We investigated the differences in ploidy estimates between methods. SuperFreq does not explicitly call a purity, so for comparison purposes we calculate ploidy as the average number of haploid genomes across all cells in the sample, excluding sex chromosomes. While SuperFreq and ASCAT agree on the majority of the cases, there are 60 samples where ASCAT calls a significantly higher ploidy (>1 larger) (Fig 3C). It is difficult to accurately estimate ploidy using SNP arrays or exomes and in the absence of orthogonal measurements we cannot determine which method is most accurate. It could be that the SuperFreq estimates are overly conservative, or that ASCAT is adjusting ploidy to accommodate subclonal CNAs. Most (90%) of the cases with discrepant ploidy estimates had subclones in the SuperFreq analysis. Comparing SuperFreq to Sequenza revealed a similar pattern (S2–S4 Figs). TCGA cases typically do not have orthogonal ploidy information, but the TCGA-AML cohort has matching cytogenetics which provides a more reliable ploidy measurement. AML has a very low rate of CNAs, and none of the 194 cases with cytogenetic data has more than 53 chromosomes. Nonetheless, ASCAT calls a ploidy >3 in 11 cases (6%), suggesting some high ploidy calls are artefactual. ABSOLUTE is another method that calls absolute copy numbers that can account for subclones. When ABSOLUTE was applied to the AML dataset it found a ploidy >3 in only 2 out of 118 AML samples (2%). We next compared the SuperFreq ploidy estimates to those from ABSOLUTE for the TCGA test cohort, which were available for 304 samples (Fig 3C). We found that there was a modest improvement in the agreement, but there were still 49 samples (16%, 37 samples overlap with ASCAT) where ABSOLUTE called a ploidy at least 1 larger than SuperFreq. A better truth data set is needed for comparison of ploidy from CNA callers.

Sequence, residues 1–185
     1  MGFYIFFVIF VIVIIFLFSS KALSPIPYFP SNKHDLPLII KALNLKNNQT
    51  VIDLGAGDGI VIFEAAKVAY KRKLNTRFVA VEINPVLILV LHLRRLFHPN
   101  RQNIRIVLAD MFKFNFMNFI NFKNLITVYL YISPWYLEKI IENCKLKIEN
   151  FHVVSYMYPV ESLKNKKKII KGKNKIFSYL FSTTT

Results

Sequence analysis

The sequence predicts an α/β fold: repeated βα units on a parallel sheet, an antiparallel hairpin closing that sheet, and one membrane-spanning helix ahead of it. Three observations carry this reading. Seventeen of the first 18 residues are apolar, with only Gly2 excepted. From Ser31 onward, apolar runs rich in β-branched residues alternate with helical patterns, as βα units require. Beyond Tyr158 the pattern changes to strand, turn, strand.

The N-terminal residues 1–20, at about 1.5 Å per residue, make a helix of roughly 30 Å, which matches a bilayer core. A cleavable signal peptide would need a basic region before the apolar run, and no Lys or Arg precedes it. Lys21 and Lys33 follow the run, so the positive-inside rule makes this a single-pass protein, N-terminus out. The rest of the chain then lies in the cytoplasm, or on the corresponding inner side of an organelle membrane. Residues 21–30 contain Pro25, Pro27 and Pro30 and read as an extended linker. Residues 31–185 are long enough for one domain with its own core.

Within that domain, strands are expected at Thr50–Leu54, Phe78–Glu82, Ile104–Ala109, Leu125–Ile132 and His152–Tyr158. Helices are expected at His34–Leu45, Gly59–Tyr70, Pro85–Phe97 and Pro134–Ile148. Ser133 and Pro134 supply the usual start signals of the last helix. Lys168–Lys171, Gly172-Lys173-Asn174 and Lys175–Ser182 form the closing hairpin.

We next assessed the resolution of the CNA calls from SuperFreq by looking at the sensitivity based on the size of the event. For this purpose, we classified each segment into gain (copy number larger than 2), loss (copy number smaller than 2) and CNN-LOH (copy number neutral loss of heterozygosity) based on the calls from ASCAT, SuperFreq and Sequenza. We performed a pair-wise comparison between methods, where we used one method as truth and measured the fraction of the truth segment that was covered by segments with the same class of copy number event in the second method. We first compared the more established methods, ASCAT and Sequenza, binning by the size of the truth segments (Fig 3D). We found that CNA calls of all three classes had reliable recall when the size of the truth segment was >10 Mb. For CNAs smaller than 10 Mb recall dropped rapidly; below 1Mbp both Sequenza and ASCAT recall very few of the CNAs of the other method. SuperFreq has a similar recall of ASCAT segments as Sequenza (Fig 3D), also with low recall of small CNAs. SuperFreq calls significantly fewer small segments than Sequenza (median 1 segment below 1Mbp per sample, compared to median 16), which results in higher accuracy for small copy number segments. Indeed, ASCAT agrees on the majority of small SuperFreq gain or loss calls down to 100kbp (Fig 3D). This suggests that SuperFreq has a very low rate of false calls for gain and loss events. SuperFreq calls subclonal copy numbers, so when SuperFreq acted as truth, we restrict it to clonal CNAs, with a clonality > 0.5, and found good agreement for events greater than 0.5 Mb (Fig 3D). Without restrictions on the SuperFreq truth, we found decreased recall for large segments (>10Mbp) (S5 Fig). This may seem counterintuitive but is expected when considering that ASCAT does not call subclonal events, and that larger segments provide more power to identify subclonal CNAs. Indeed, ASCAT recalls close to 100% of SuperFreq’s large CNA calls with clonality above 0.5. Comparing SuperFreq to Sequenza shows similar behaviour (S5 Fig), with the difference being that Sequenza has higher recall of small CNN-LOH. This may indicate that these small CNN-LOH calls are true calls that are missed by the SNP array, or it could be related to exome-specific artefacts. A comparison between SuperFreq with and without a matched normal shows high recall for loss and gain events across all resolutions, but with worse recall for CNN-LOH, which relies on accurate determination of germline SNPs.